Pomegranate publishes visual treats
A GREEN-jacketed man offers a treat to an unimpressed dog calmly hovering upside-down in midair. A colonial gentleman, stoic and proud, stands before his latest invention, a freestanding, yard-long coil of processed meat. A seafood salad attacks a would-be gourmand. An imposing man casually removes his goatee.
It may come as a shock, but these bizarre visions of the imagination have something in common with the timeless architectural masterpieces of Frank Lloyd Wright. For that matter, they share something with M. C. Escher, Edward Gorey, Claude Monet, and Maxfield Parrish.
Strange, but true. These world-renowned artists, along with the floating dog and his oddball friends--which are the unmistakable ink drawings of British artist and author Glen Baxter--can all be found in beautifully rendered "coffee-table" books imprinted with the curious little name: Pomegranate. And they were all published in Sonoma County.
Pomegranate Communications, housed in an unimposing business complex in Rohnert Park, is one of the publishing world's foremost, if unconventional, producers of quality art books--and ancillary merchandise (calendars, note cards, journals, and the like).
Pomegranate was founded 30 years ago by Thomas F. Burke, as a spinoff of his successful efforts printing and hawking psychedelic rock-concert posters at the Fillmore in the 1960s. With an optimistic enthusiasm that could have been born only of the hippie movement, Burke created a company devoted to creating altered states of the mind through the mesmerizing medium of art.
The success of Pomegranate lies in that enthusiasm, a passion shared by the world-class artists that the company is able to recruit. "Artists like to work with us," says Katie Burke, Pomegranate's publisher (and Thomas Burke's wife). "We respect them, and they appreciate that." For that matter, so do book buyers. Pomegranate's insistence on quality and attention to detail, says Burke, "is the main focus of who we are. It's our identity in the marketplace."
That identity has lead to the company's position as a primary publisher of books for museums. Pomegranate partners with such lofty names as the Smithsonian Institution, San Francisco Asian Art Museum, and Museum of the City of New York to produce numerous collections.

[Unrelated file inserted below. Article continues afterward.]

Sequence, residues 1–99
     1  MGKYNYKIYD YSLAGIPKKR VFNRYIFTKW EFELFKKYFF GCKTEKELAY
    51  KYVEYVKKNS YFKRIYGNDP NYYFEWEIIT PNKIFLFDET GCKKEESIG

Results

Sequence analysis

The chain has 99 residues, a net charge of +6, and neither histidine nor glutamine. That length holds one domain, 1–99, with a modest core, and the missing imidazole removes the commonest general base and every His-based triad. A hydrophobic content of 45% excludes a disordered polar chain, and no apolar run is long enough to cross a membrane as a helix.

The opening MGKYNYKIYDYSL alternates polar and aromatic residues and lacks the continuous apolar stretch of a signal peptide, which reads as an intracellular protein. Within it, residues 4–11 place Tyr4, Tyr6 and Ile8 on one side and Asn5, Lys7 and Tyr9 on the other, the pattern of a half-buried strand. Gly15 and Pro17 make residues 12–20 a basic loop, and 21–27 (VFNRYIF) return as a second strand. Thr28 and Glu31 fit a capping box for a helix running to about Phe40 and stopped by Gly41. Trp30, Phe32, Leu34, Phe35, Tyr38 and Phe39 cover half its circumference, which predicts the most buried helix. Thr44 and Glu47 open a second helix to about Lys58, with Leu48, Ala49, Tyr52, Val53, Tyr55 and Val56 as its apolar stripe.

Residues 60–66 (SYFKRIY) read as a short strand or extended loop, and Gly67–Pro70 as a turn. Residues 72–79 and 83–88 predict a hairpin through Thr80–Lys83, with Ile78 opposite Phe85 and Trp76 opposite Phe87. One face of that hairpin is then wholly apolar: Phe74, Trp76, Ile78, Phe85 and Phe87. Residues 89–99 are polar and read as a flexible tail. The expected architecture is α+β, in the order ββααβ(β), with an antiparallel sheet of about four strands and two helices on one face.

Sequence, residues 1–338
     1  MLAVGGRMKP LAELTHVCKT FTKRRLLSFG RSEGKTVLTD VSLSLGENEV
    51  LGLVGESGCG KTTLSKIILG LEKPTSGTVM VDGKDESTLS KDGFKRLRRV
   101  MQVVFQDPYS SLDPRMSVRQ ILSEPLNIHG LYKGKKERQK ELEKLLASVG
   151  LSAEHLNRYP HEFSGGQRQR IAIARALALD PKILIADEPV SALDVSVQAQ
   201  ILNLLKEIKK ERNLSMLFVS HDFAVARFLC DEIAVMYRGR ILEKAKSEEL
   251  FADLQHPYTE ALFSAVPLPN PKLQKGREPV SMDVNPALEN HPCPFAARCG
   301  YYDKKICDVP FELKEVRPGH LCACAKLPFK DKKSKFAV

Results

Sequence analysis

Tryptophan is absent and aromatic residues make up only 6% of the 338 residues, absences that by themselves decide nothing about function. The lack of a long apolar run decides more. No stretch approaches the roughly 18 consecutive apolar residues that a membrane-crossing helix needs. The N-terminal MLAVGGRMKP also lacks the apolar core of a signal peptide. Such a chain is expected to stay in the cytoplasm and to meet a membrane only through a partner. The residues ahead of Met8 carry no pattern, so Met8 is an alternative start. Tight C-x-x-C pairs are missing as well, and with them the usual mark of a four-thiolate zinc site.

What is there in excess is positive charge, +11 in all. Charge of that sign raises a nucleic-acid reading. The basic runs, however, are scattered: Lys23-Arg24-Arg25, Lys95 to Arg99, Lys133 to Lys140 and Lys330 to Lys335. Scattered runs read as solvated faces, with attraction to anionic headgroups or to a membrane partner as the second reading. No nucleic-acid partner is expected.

Given the luster of these associations, it's a testament to Pomegranate's versatility that it also published Steve Schaecher's Outhouses by Famous Architects and Johnny Otis' Red Beans and Rice and Other Rock and Roll Recipes. "We're not a stodgy publishing house," allows Burke with a laugh.
Though Pomegranate's stable of artists includes such superstars as B. Kliban and the aforementioned Boulet--whose lush paintings of animal spirits and Earth goddesses are almost synonymous with the New Age movement--the company has always sought to find up-and-coming artists to present to the world. The fall catalog includes Gaiastar Mandalas: Ecstatic Visions of the Living Earth, by relatively unknown artists Bonnie Bell and David Todd.
"It's harder in today's marketplace to introduce contemporary artists," Burke says. "There are fewer opportunities for unknown artists. But we will absolutely continue, whenever and however we can, to bring new artists to the world."
Let's hope that, as suggested by Glen Baxter's floating dog and exploding fork--found in the brand-new Unhinged World of Glen Baxter--Pomegranate will also continue to give us the works of famous figures that we've somehow forgotten.
"Absolutely," Burke insists. "We're always asking ourselves, 'What other cool stuff can we find and put out there into the world? Just for fun?' "
From the September 20-26, 2001 issue of the Northern California Bohemian.